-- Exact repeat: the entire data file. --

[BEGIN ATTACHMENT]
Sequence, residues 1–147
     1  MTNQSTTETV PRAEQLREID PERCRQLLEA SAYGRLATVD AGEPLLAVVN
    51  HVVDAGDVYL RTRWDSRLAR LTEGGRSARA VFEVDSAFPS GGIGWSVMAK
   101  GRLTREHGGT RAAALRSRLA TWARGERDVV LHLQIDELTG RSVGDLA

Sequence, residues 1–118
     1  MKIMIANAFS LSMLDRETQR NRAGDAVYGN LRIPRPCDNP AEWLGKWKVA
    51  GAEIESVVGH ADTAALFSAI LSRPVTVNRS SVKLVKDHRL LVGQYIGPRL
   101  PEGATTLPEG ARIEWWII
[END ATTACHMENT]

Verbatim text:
Sequence, residues 1–147
     1  MTNQSTTETV PRAEQLREID PERCRQLLEA SAYGRLATVD AGEPLLAVVN
    51  HVVDAGDVYL RTRWDSRLAR LTEGGRSARA VFEVDSAFPS GGIGWSVMAK
   101  GRLTREHGGT RAAALRSRLA TWARGERDVV LHLQIDELTG RSVGDLA

Sequence, residues 1–118
     1  MKIMIANAFS LSMLDRETQR NRAGDAVYGN LRIPRPCDNP AEWLGKWKVA
    51  GAEIESVVGH ADTAALFSAI LSRPVTVNRS SVKLVKDHRL LVGQYIGPRL
   101  PEGATTLPEG ARIEWWII